As I mentioned at the end of Part 3, something was sorely missing during the dark years when I wasn’t involved in any organized ensembles. I still played my instruments at home and whenever I would drop by my mother’s house to visit. At some point during every visit, I would play a little ragtime or Chopin on her piano. She really didn’t want me to get my own piano because she was afraid that I would visit less often if I could play comfortably at home. Also, she really enjoyed it when I would bring my clarinet with me and play along with her for a bit. Still, between my own personal practice, the occasional simple duet with mom, and attending professional productions from time to time, I still had a pretty big hole in my life. Work was going well, and I eventually married a very dear friend. The marriage didn’t last, but it would turn out to be a very pivotal point in my life, especially musically.
When I got married, my mother gave us a very generous gift which we put toward a couple of important things. We used about half of her gift toward replacing our windows with double-panes, but first, and most importantly, we bought a very nice electric piano.
I then had something at home beyond that short, Casio keyboard, and I could finally play ragtime without falling off the edge of the music. The other nice thing about using an electric piano was that I could play with headphones if my husband wasn’t in the mood to listen to me practice, or if it happened to be too early in the morning or too late at night to risk disturbing our neighbors. Our piano had the feel of a grand, so when I would go back and play my mother’s piano after getting used to mine, hers felt a little mushy. It also made me realize that piano keyboards had different depths, something I had never previously considered. Mom’s was a spinet, and the keys weren’t particularly deep. After I got used to mine, which was both stiffer and deeper, I found that I tended to hit the backboard when I played Mom’s piano.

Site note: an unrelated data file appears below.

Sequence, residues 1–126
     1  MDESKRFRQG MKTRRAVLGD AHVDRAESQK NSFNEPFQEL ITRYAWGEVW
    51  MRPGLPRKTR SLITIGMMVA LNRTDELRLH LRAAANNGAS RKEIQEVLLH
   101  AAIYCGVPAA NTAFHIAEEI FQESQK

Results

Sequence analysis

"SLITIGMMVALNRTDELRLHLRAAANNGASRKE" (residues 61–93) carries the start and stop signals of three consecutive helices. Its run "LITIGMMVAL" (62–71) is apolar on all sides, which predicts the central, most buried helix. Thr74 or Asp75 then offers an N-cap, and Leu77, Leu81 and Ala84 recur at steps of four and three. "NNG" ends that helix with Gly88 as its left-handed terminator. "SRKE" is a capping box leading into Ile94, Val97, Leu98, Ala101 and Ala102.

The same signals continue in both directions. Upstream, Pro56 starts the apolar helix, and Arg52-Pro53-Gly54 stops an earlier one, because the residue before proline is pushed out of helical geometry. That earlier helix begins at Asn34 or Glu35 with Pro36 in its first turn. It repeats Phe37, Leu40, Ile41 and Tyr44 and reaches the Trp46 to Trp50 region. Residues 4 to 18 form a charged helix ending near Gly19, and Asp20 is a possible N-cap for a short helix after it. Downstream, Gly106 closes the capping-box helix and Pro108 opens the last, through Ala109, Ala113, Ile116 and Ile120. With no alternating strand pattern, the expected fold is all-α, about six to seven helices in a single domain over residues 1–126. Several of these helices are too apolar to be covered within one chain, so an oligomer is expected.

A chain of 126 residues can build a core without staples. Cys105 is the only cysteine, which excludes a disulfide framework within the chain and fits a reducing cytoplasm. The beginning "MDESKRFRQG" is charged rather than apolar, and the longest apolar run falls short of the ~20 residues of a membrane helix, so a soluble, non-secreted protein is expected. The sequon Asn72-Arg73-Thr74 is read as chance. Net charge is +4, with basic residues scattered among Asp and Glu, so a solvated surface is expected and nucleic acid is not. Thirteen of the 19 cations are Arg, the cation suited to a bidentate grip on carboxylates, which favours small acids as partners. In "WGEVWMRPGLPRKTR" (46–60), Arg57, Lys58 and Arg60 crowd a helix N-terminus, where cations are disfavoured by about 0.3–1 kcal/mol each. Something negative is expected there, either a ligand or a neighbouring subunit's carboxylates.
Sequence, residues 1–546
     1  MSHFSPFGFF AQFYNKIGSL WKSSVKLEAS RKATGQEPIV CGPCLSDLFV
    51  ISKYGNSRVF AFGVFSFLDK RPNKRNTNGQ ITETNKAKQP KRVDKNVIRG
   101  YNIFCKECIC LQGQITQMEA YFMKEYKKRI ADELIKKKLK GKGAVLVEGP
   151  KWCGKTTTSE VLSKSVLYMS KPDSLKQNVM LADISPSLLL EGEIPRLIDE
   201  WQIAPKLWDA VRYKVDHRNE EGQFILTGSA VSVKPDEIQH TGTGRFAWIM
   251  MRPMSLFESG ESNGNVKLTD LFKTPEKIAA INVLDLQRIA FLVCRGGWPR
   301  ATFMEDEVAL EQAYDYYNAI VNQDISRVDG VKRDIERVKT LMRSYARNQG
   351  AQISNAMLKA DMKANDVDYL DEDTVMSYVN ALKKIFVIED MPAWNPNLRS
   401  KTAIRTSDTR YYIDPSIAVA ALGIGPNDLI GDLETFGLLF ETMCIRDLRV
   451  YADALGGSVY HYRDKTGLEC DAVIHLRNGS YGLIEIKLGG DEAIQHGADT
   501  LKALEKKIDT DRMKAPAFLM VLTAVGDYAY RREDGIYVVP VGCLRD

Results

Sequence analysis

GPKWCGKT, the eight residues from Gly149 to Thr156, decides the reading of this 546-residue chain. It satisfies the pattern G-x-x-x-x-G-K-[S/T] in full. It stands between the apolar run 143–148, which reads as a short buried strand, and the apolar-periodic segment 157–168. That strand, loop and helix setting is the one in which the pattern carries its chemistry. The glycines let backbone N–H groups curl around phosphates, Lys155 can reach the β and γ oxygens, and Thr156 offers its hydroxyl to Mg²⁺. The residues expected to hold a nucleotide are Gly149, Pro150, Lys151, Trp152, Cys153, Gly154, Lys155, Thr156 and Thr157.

A few years after we got our piano, a colleague from work mentioned that he played piano but that he had just sold his. He was itching to play again, so he and I started getting together a couple of times a week to play some clarinet and piano music in my living room. After doing this for a few months, another musical opportunity presented itself. My husband was building a computer for some friends of his who happened to play for the SF Symphony and mentioned to them that I played clarinet. They asked him if I might be interested in playing some trios – they played cello and piano, and there is some lovely piano trio literature written for piano, clarinet, and cello. This was exciting, and I jumped at the opportunity. We got together a few times to play for a few hours and then grabbed some dinner. On one of those occasions, they mentioned that it was important to get involved in community music for me to continue to grow as a musician. At this point, it had been about 17 years since I had been involved in any ensembles beyond a casual living room session just for fun.